NVIDIA Chief Financial Officer Colette Kress envisions the company as having a universal role in healthcare, from aiding in drug discovery and design to facilitating the invention of wearable devices.

“In healthcare, digital biology and generative AI are helping to reinvent drug discovery, surgery, medical imaging and wearable devices,” Kress told CNBC.

The company’s foray into healthcare began nearly a decade ago, Kress explained.

“We have built deep domain expertise in healthcare over the past decade, creating the NVIDIA Clara healthcare platform and NVIDIA BioNeMo, a generative AI service to develop, customize and deploy AI foundation models for computer-aided drug discovery,” said Kress.

On top of creating solutions for healthcare companies, NVIDIA has also invested in several, such as Recursion Pharmaceuticals and Nano-X Imaging.

The investments were a small portion of the roughly $20 billion in pharmaceutical AI deals that took place over the past year, according to a report by GlobalData.2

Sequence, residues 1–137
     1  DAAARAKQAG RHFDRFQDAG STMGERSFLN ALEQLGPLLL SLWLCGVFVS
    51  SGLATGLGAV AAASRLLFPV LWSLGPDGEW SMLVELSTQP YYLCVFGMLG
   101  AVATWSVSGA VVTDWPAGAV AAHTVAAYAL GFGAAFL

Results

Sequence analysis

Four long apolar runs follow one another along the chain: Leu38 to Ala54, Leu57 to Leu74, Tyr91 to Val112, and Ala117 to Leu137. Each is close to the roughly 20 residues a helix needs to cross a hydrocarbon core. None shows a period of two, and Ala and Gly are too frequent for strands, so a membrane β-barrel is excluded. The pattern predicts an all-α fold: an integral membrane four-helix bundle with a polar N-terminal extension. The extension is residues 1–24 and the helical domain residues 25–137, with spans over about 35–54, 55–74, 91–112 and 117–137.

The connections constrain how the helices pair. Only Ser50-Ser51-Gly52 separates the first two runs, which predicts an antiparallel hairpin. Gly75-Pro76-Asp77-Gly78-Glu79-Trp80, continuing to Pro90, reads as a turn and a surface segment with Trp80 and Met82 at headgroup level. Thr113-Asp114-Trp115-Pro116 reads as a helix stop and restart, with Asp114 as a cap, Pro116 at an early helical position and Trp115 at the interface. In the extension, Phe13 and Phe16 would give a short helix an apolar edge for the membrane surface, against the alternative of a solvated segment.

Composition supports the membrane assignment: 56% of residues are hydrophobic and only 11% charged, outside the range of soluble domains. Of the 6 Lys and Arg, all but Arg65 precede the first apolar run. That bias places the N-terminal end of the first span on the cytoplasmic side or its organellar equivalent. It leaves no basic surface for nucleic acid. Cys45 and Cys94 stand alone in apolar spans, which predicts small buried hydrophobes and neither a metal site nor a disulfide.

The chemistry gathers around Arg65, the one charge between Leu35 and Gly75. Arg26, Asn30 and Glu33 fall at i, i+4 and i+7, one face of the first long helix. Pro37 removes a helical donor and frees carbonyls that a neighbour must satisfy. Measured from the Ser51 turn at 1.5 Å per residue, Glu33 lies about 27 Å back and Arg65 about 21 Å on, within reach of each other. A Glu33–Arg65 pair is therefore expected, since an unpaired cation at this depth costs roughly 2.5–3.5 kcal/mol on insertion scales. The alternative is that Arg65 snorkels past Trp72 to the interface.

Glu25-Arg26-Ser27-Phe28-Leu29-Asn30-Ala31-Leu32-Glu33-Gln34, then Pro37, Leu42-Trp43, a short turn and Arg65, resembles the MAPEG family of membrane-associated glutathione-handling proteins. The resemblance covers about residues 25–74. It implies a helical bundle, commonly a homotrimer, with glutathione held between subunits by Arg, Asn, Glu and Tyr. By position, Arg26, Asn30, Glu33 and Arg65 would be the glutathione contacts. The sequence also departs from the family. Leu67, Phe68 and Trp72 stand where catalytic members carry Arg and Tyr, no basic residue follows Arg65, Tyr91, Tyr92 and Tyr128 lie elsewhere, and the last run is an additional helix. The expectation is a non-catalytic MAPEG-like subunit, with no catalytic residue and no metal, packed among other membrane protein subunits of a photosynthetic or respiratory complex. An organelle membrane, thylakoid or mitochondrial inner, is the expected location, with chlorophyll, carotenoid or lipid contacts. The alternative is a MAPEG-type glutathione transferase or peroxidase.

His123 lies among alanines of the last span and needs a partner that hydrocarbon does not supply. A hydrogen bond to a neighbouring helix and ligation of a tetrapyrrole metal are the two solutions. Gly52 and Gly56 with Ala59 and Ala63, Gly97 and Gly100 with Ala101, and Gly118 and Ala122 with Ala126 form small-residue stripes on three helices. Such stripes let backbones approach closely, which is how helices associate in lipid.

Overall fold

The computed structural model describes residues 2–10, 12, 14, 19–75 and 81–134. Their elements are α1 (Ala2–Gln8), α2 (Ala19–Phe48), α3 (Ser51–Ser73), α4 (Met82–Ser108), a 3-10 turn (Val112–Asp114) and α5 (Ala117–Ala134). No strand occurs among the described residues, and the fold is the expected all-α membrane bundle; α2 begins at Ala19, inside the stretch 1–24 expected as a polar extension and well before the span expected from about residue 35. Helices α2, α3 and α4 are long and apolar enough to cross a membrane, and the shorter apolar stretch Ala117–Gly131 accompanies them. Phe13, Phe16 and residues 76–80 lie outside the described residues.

NVIDIA’s Software Solutions in the Spotlight

Although the chipmaker is known for its hardware, its software platforms are equally important.

CUDA-X, a software platform created by NVIDIA, allows computers to run AI microservices – such as complex AI models that require heavy computational workloads – from GPUs located at NVIDIA data centers.3

These microservices, accessed via the cloud, are potential game-changers for the healthcare industry.

On March 26, NVIDIA showcased 25 healthcare-oriented AI microservices at the GTC AI global conference.

Among these were healthcare-tailored AI tools like NIM™ AI – a suite of workflows and models that allows for the deployment of native cloud applications, particularly within the context of biotechnology and chemistry.

According to experts, such models can help predict how certain drugs affect the body, thus allowing companies to optimize drug development while reducing unnecessary costs during the research and development process.

“We care about fast and fast means in this industry, that we’ll be able to do more, and we know that drug discovery is essentially an infinite problem. You’re looking at a chemical space and 10 to the 60th power potential chemical compounds,” Powell explained.

Given the roughly 90% failure rate for drug trials, Powell believes that AI will boost the accuracy of predictive models and increase the success rate for pharma companies.